Who the hell are all these famous people? Where did they come from suddenly? When are you really a celebrity?
I remember a conversation with Martin Brill who said we’re BNCs. The famous Dutch are in Class C. Our faces were recognized, but they didn’t know exactly who we were and what we were doing.
“Aren’t you from TV?”
Such a sentence is always shameful. Somewhere I have failed. You are not that Nobel Prize winner or beautiful member who makes every funeral an unforgettable meeting, but you are “known from television” and that’s it.
I now see celebrities who are frequently said to be Dutch, who are well known and “very influential”.
Very touching – and I don’t know them, even though I spend more than double my conditional monthly salary on subscriptions every year.
Can they sing beautifully? Can they particularly play the violin? Do they have opinions about which I take off my hat? They hardly speak Dutch, not because they come from abroad, but perhaps because of a lack of proper education, which is always close to my heart.
In reality, they couldn’t do anything. Well, nothing great. exactly the contrary. I think they’re famous for recognizable shameless stupidity. A teen sees a blogger like this and thinks: if he or she becomes famous for a fake, I can also become famous for a fake.
Femk Louise can’t do anything good. He does not sing well, does not behave well. Everything is less than a little.
I have nothing against fame. exactly the contrary. The benefits of goodwill are desirable. But over time, the cause of fame shifted 180 degrees. Don’t become like that because you can do something exceptional, instead become famous because that praise is your goal. Great writers, great actors and great transmitters of culture – they don’t know their names. Top surgeons, oncologists, virologists, and lung specialists – they just don’t have a million followers.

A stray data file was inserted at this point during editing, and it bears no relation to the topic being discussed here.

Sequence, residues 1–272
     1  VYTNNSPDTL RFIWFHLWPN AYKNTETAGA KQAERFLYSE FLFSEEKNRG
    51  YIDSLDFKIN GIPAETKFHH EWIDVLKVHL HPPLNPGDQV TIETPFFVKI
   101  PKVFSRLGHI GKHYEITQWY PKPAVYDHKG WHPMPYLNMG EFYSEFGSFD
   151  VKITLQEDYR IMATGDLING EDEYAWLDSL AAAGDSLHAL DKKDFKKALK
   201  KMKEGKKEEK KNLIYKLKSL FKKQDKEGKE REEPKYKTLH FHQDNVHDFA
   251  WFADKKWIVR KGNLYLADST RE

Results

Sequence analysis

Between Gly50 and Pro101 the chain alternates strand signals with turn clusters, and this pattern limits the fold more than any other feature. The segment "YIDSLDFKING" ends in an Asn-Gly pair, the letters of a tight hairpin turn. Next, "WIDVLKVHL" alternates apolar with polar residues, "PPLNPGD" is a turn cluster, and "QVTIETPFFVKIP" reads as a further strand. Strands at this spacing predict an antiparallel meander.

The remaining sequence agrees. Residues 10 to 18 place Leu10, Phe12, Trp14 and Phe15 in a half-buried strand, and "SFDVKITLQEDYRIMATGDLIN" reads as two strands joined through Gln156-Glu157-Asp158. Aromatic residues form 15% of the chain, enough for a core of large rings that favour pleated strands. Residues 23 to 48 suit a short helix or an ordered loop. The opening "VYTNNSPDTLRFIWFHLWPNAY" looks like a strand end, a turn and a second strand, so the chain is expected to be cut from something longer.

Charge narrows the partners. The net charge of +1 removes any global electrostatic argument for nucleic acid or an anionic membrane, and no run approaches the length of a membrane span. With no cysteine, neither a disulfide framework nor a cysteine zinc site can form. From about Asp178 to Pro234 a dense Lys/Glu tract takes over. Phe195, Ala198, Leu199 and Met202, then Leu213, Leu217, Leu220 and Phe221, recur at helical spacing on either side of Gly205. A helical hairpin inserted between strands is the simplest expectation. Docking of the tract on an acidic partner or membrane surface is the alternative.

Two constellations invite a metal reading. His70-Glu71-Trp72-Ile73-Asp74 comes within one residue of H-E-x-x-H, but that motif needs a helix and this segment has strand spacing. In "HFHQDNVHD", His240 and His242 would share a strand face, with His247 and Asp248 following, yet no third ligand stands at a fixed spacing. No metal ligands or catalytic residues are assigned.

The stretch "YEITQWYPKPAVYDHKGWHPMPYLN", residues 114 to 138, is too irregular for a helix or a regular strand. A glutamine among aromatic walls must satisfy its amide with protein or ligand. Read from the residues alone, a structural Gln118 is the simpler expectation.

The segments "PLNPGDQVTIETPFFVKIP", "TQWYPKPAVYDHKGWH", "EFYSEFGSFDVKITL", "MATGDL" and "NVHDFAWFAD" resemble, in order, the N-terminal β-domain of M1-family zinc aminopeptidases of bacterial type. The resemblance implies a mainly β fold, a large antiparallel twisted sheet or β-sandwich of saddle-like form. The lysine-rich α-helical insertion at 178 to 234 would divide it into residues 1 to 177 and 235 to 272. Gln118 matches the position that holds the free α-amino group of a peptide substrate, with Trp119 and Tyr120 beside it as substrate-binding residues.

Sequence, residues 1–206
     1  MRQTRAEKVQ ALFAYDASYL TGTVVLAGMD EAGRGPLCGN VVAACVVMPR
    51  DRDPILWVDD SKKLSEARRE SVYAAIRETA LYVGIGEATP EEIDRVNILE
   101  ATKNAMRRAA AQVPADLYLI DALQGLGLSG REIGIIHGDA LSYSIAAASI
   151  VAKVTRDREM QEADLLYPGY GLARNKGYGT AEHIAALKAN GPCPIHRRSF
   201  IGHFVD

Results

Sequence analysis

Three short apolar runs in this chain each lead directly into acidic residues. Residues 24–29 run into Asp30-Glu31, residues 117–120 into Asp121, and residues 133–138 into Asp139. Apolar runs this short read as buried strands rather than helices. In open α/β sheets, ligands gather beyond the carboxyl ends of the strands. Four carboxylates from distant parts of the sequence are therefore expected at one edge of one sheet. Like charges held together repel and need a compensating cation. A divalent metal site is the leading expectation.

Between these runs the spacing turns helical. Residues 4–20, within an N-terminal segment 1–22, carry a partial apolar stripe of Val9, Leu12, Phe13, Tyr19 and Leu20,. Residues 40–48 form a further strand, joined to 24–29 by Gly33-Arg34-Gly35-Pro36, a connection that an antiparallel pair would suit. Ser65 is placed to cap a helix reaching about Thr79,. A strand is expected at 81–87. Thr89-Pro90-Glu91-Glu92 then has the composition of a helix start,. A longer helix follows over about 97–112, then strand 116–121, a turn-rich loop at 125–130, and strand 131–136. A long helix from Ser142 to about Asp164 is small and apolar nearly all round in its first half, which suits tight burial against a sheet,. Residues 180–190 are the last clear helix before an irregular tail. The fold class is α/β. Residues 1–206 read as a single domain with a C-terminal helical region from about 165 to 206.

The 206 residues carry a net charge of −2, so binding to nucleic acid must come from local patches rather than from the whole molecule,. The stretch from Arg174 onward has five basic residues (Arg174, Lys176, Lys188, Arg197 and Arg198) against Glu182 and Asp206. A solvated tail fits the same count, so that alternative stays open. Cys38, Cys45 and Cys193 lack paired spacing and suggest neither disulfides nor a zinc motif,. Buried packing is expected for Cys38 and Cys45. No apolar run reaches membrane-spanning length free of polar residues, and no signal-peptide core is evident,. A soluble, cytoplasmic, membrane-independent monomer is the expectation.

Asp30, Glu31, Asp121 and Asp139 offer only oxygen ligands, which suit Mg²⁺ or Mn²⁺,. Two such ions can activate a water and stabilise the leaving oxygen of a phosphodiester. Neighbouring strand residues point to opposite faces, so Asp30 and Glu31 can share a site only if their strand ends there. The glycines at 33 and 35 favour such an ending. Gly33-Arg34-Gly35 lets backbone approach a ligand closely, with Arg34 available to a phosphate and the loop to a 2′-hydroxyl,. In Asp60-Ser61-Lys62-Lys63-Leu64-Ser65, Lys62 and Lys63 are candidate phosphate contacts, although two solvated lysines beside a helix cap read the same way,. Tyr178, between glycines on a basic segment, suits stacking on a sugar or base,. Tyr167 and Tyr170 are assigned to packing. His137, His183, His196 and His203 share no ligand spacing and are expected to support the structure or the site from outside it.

I do not wish them the fame of the Famke Louise family. It is unfair. They seem to have an effect. In fact, it must be so that a writer like, say, Pieter Waterdrinker, the author of the commendable book The Amsterdam RatShould it have a thousand times more impact than Mrs. Louise? But so is composer Willem Geths, flute player Lucy Horsh or guitarist Harry Saccione.
They gain millions of followers every day. And the effect.
Theodore Holman (1953) is a columnist, writer, television and radio producer. You can read his column here every day, except on Sundays. Read all of his columns in the archive.
Suspension? [email protected]